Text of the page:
|US5327287 *||Mar 22, 1993||Jul 5, 1994||Atchley Curtis L||Light intensifying device|
|US5469294 *||Jul 26, 1993||Nov 21, 1995||Xrl, Inc.||Illumination system for OCR of indicia on a substrate|
|US5737122 *||Nov 20, 1995||Apr 7, 1998||Electro Scientific Industries, Inc.||Illumination system for OCR of indicia on a substrate|
|US5867311 *||Feb 25, 1997||Feb 2, 1999||Mitaka Kohki Co., Ltd.||Illumination structure in microscope|
|US6064518 *||Jul 22, 1997||May 16, 2000||Carl Zeiss Jena Gmbh||Beam deflecting unit for multiple-axis examination in a microscope|
|US6259557 *||Oct 28, 1999||Jul 10, 2001||Nikon Corporation||Device and method for dark field illumination|
|US6377397 *||Sep 7, 2000||Apr 23, 2002||Leica Microsystems Ag||Illumination device for a surgical microscope|
|US7271889 *||Aug 21, 2003||Sep 18, 2007||Leica Microsystems Cms Gmbh||Device and method for inspecting an object|
|US7542217||Dec 17, 2004||Jun 2, 2009||Carl Zeiss Smt Ag||Beam reshaping unit for an illumination system of a microlithographic projection exposure apparatus|
|US7564623||Apr 15, 2005||Jul 21, 2009||Auburn University||Microscope illumination device and adapter therefor|
|US7796328||Jun 11, 2007||Sep 14, 2010||Carl Zeiss Microimaging Gmbh||Laser scanning microscope with illumination perpendicular to the optical axis|
|US8997572||Feb 9, 2012||Apr 7, 2015||Washington University||Multi-focus optical-resolution photoacoustic microscopy with ultrasonic array detection|
|US9086365||Apr 8, 2011||Jul 21, 2015||Lihong Wang||Quantification of optical absorption coefficients using acoustic spectra in photoacoustic tomography|
|US9122178 *||Jul 2, 2010||Sep 1, 2015||Asml Netherlands B.V.||Object inspection systems and methods|
|US9226666||May 1, 2013||Jan 5, 2016||Washington University||Confocal photoacoustic microscopy with optical lateral resolution|
|US9351705||Jan 8, 2010||May 31, 2016||Washington University||Miniaturized photoacoustic imaging apparatus including a rotatable reflector|
|US9655527||Jun 11, 2015||May 23, 2017||Washington University||Quantification of optical absorption coefficients using acoustic spectra in photoacoustic tomography|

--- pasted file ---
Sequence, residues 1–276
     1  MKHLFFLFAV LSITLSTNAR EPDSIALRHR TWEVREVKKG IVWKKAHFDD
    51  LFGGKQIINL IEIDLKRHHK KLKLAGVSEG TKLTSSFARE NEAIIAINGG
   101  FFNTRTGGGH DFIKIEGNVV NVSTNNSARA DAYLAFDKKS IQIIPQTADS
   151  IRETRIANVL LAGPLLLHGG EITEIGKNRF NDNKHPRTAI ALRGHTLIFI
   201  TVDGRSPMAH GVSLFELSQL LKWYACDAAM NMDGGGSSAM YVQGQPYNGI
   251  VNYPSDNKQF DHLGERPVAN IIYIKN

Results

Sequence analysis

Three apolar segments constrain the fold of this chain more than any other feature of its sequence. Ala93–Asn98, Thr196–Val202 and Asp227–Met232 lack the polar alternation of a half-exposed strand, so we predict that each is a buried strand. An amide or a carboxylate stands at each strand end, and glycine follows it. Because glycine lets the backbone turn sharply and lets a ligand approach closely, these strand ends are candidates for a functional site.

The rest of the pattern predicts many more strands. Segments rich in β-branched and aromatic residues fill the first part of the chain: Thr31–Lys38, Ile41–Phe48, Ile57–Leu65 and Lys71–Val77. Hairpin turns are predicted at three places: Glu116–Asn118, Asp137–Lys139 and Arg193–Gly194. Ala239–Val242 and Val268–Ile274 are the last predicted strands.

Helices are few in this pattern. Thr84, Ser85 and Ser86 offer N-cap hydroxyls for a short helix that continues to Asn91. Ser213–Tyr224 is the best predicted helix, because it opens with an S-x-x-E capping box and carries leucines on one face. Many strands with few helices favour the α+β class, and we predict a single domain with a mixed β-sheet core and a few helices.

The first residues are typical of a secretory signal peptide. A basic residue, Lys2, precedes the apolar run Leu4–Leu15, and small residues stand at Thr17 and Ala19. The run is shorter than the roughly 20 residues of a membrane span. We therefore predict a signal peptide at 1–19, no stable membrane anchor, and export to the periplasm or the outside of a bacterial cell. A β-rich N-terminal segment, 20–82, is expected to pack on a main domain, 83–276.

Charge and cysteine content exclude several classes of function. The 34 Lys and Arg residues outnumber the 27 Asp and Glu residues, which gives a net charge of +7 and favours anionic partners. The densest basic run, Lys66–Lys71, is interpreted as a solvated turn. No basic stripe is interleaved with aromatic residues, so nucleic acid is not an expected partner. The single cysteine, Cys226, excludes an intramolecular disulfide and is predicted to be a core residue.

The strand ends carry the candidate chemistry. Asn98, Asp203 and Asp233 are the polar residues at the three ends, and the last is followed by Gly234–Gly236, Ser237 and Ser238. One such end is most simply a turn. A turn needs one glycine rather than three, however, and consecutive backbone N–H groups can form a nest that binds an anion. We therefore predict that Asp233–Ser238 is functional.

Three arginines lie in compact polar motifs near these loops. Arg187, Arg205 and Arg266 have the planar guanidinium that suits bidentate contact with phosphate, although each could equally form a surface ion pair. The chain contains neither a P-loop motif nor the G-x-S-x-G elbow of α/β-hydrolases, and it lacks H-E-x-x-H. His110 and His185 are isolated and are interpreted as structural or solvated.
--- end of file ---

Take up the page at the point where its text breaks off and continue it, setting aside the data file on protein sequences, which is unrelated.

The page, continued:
|US20050219495 *||Dec 17, 2004||Oct 6, 2005||Carl Zeiss Smt Ag||Beam reshaping unit for an illumination system of a microlithographic projection exposure apparatus|
|US20050237605 *||Apr 15, 2005||Oct 27, 2005||Vodyanoy Vitaly J||Microscope illumination device and adapter therefor|
|US20050259245 *||Aug 21, 2003||Nov 24, 2005||Lecia Microsystems Semiconductor Gmbh||Device and method for inspecting an object|
|US20060012855 *||Oct 19, 2004||Jan 19, 2006||Ralf Wolleschensky||Arrangement for microscopic observation and/or detection in a light scanning microscope with line scanning and use|
|US20060012866 *||Oct 19, 2004||Jan 19, 2006||Ralf Wolleschensky||Arrangement for microscopic observation and/or detection and use|
|US20080030850 *||Jun 22, 2007||Feb 7, 2008||Carl Zeiss Jena Gmbh||Arrangement for microscopic observation and/or detection in a light scanning microscope with line scanning and use|
|US20080068710 *||Jun 11, 2007||Mar 20, 2008||Carl Zeiss Jena Gmbh||Arrangement for microscopic observation and/or detection and use|
|US20120127467 *||Jul 2, 2010||May 24, 2012||Asml Netherland B.V.||Object Inspection Systems and Methods|
|US20120275262 *||Apr 19, 2012||Nov 1, 2012||Washington University||Section-illumination photoacoustic microscopy with ultrasonic array detection|
|EP0019309A1 *||Mar 31, 1980||Nov 26, 1980||Jean Louis Jeanne Chandesais||Ring lighting for the dark ground observation of a precious stone|
|EP0243680A1 *||Mar 25, 1987||Nov 4, 1987||Siemens Aktiengesellschaft||Bright field illumination device|
|EP0605990A2 †||Dec 20, 1993||Jul 13, 1994||JOHNSON & JOHNSON VISION PRODUCTS, INC.||Illumination and imaging subsystems for a lens inspection system|
|EP0605990B2 †||Dec 20, 1993||Oct 29, 2003||JOHNSON & JOHNSON VISION PRODUCTS, INC.||Illumination and imaging subsystems for a lens inspection system|
|EP0704695A3 *||Sep 29, 1995||Jul 17, 1996||Mitsubishi Chem Corp||Lighting device for an observation or image pickup apparatus|
|EP0756717A1 *||Apr 21, 1994||Feb 5, 1997||Edge Scientific Instrument Corporation L.L.C.||Illumination system and method for a high definition light microscope|
|EP0756717A4 *||Apr 21, 1994||Nov 26, 1997||Edge Scient Instr Corp||Illumination system and method for a high definition light microscope|
|EP0793128A1 *||Feb 27, 1997||Sep 3, 1997||Mitaka Kohki Co., Limited||Illumination structure in microscope|
|WO1998007059A1 *||Jul 22, 1997||Feb 19, 1998||Carl Zeiss Jena Gmbh||Beam diverter unit for multiaxial investigation in a microscope|
|WO2005101086A2||Apr 15, 2005||Oct 27, 2005||Auburn University||Microsope illumination device and adapter therefor|
|WO2005101086A3 *||Apr 15, 2005||Jan 5, 2006||Thomas A Hasling||Microsope illumination device and adapter therefor|
|WO2007121864A1 *||Apr 12, 2007||Nov 1, 2007||Carl Zeiss Mikrolmaging Gmbh||Laser-scanning microscope with main beam splitter for spatial separation of illumination and detection radiation|
|WO2016145476A1 *||Mar 15, 2016||Sep 22, 2016||Genea Ip Holdings Pty Limited||Method and apparatus for microscopy|
|International Classification||G02B21/10, G02B21/14, G02B21/12, G02B21/08, G02B21/06|
|Cooperative Classification||G02B21/082, G02B21/084|
|European Classification||G02B21/08B1, G02B21/08B|